* Norton's Statement of Reasons, p. 327.


75

morals and science, for a long time, has to bear


the reproach of novelty. If that were the only
objection to your theory, I should certainly think
it idle to call it in question.
But, when you describe the doctrine opposed
to your own, as " the latest form of infidelity " ;
when you charge those who rest their belief in
Christianity on its internal evidence, with deny
ing their Master ; when you more than intimate
that all, who do not accept the views which you
propose, are incapable of sound thinking and un
worthy to bear the office of Christian teachers ;
it becomes important to show that the accusation
which you bring recoils upon yourself ; that you
have been guilty of rashness and injustice in
stigmatizing an opinion as a dangerous innova
tion, which has been held by the purest lights of
the Church, in ancient and modern times.

II. I proceed now to consider your doctrine,


that miracles are the only evidence of a divine
revelation, in another point of view.
It is contrary to the clear and express teachings
of the Scriptures, both of the Old and the New
Testament. Whatever importance they attach
to the evidence of miracles, in support of the
claims of divine messengers, and that is an in
teresting topic of theological inquiry, they give
76

no sanction to your doctrine, that miracles are the


sole and exclusive proof of the interposition of
God. They appeal to many other considerations ;
they advance the principle, that the Almighty has
spoken to his children in " divers manners," as
well as at " sundry times " ; now in the cool of
the day, among the trees of the garden, and now
in the glow of the burning bush ; now in the
visions of the night, when deep sleep falleth on
man, and now in the smoke and storm of the
flaming mount ; now in the audible voice which
made the flesh to quake, and now in the obscure
monition which sent a thrill through the heart.
The prophet is watching for the manifestation of
Jehovah, but he is taught that the Holy One is
not limited in his access to his creatures. A great
and strong wind rends the mountains, and divides
the rocks ; but the Lord was not in the wind ;
and after the wind an earthquake ; but the Lord
was not in the earthquake ; and after the earth
quake a fire ; but the Lord was not in the fire ;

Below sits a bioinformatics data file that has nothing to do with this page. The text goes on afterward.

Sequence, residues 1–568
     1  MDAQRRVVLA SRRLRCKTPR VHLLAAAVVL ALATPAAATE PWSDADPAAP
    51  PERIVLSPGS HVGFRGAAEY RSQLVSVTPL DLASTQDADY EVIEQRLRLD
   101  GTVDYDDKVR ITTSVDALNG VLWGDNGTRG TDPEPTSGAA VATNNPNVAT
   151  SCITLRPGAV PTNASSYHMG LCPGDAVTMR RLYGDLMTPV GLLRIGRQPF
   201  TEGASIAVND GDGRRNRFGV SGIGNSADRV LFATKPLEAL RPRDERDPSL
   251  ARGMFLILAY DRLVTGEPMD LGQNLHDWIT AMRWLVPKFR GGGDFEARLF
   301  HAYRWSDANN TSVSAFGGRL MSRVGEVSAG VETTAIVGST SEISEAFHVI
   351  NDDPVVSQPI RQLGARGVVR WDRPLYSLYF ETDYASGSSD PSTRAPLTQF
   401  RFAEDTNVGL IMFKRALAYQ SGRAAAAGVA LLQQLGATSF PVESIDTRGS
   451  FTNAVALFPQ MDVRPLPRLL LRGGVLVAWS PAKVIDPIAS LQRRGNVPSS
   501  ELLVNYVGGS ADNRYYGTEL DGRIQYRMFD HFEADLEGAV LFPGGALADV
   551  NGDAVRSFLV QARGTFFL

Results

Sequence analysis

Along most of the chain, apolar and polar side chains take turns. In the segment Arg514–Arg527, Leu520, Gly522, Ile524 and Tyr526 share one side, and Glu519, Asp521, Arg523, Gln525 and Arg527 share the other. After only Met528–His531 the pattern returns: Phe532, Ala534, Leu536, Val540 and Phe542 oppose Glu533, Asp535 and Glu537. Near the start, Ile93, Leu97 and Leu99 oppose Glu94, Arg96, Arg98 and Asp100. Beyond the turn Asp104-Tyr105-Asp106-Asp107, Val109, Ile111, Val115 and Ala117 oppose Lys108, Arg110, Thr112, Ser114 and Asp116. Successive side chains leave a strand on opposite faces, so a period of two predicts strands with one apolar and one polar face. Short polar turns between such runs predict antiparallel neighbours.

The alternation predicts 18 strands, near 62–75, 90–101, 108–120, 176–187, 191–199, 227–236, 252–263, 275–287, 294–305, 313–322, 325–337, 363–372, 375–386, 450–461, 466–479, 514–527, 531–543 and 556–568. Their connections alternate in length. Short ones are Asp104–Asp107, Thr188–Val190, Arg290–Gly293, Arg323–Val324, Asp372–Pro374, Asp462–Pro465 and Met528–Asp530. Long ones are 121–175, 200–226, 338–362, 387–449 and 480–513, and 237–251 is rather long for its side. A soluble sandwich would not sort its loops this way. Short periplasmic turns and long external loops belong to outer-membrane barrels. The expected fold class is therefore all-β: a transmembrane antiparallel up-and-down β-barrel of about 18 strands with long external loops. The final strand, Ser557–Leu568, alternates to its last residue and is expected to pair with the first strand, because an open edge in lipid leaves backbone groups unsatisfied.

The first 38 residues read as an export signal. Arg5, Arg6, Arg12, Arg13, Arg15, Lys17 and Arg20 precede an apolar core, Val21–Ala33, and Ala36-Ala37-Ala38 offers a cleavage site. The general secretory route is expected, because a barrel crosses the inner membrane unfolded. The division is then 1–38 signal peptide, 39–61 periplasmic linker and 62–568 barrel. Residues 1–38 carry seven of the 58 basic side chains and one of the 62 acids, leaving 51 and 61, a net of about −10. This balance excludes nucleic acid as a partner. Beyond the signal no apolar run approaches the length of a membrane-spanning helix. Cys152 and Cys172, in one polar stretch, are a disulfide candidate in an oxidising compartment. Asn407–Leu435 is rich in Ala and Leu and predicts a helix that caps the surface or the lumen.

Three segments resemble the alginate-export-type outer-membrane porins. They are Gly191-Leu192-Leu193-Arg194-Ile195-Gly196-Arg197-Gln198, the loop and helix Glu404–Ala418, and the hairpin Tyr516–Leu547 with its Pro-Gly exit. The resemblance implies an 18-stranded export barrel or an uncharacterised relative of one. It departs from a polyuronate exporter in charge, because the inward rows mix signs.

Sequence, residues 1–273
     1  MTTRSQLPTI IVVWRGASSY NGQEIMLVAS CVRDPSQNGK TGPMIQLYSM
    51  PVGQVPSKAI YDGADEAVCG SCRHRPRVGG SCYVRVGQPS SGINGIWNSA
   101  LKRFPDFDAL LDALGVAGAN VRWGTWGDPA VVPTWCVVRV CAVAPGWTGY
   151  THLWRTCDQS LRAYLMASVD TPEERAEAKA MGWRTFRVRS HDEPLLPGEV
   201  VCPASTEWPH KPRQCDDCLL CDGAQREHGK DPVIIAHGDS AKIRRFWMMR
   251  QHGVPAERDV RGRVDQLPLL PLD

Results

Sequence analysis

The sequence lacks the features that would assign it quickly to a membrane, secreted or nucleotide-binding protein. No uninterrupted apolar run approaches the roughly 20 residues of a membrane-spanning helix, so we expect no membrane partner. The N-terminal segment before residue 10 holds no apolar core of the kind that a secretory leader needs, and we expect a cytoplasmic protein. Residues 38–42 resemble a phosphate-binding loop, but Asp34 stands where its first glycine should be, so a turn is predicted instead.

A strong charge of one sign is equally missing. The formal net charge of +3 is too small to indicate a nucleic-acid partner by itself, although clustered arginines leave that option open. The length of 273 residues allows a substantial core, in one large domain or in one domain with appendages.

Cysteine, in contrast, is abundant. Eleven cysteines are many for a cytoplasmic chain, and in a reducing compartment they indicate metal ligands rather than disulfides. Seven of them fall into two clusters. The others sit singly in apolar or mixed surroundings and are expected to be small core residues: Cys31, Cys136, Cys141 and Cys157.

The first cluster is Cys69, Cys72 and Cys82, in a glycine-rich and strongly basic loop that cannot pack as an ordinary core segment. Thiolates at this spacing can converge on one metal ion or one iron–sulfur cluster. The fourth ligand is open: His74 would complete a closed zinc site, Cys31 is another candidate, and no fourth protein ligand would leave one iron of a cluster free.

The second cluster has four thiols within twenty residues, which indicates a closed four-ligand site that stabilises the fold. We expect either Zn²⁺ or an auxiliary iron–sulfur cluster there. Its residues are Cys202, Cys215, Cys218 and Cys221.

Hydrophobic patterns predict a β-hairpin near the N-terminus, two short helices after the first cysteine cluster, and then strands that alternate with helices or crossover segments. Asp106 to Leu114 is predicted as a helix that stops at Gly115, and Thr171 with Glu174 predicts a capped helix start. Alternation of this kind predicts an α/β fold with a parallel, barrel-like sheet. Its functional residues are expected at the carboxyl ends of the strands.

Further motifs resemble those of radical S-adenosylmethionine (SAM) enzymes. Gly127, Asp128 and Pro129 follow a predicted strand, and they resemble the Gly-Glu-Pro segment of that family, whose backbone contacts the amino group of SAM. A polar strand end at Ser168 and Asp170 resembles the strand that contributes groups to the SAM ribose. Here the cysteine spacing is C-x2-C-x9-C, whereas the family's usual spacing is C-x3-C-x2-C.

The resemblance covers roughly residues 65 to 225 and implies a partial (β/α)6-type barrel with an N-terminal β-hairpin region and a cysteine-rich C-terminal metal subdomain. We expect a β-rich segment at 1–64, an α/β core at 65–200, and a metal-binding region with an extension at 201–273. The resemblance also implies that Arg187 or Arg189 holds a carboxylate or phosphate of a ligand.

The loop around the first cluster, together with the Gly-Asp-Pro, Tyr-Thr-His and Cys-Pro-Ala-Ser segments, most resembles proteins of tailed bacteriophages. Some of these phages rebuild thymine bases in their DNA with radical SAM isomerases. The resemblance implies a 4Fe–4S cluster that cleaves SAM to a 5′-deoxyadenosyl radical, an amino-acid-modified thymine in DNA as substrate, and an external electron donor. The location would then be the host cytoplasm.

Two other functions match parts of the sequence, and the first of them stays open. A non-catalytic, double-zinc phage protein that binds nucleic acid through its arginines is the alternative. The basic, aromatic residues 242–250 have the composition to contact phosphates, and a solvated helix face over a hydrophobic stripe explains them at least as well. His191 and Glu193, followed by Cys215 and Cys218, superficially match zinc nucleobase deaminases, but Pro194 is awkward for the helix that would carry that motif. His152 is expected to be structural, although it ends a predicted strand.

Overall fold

and after the fire a still, small voice ; and the
prophet hides his face and stands before the Lord.
The Pharisees also desired of Jesus a sign from
Heaven; they could not see his Divinity in his
deeds of beneficence and might, in the inspira
tion that breathed over his soul, and dwelt upon
his lips, in the celestial wisdom with which he
77

uttered the holiest truths, or in the moral perfec


tion which proved him to be the beloved Son of
God ; they demanded some signal and overwhelm
ing displays of miraculous power, they insisted
that the credentials of the Messiah should be writ
ten on the sky, they were blind to the most con
vincing proofs, when not in accordance with their
previous conceptions ; but Jesus does not recognise
the justice of their claim ; an evil and an adul
terous generation seeketh after a sign ; when he
had already told them, that he who doeth the will
of his Father shall know of the doctrine, whether
it were from God, or whether he spake of him
self. ,
These general considerations are established by
a more particular examination of the testimony of
Scripture. We shall find, in the course of our
inquiry, that the messengers of God never appeal
to an exclusive kind of evidence in support of
their mission ; least of all, to that which you pro
nounce to be the only infallible criterion.
1. In the first place, the Scriptures present ex
amples of divine messengers, who performed no
miracles, as the seal of their authority. They
appear in the name of the Lord ; they speak as
his vicegerents ; they profess to bear a revelation
of truth from Heaven to men ; they claim to be
heard not on their own account, but on account
78

of the divine commission with which they were


charged ; they are received, in that character, by
the people to whom they are sent; subsequent
teachers bear witness to their claims ; Christ him
self refers to them as the messengers of God;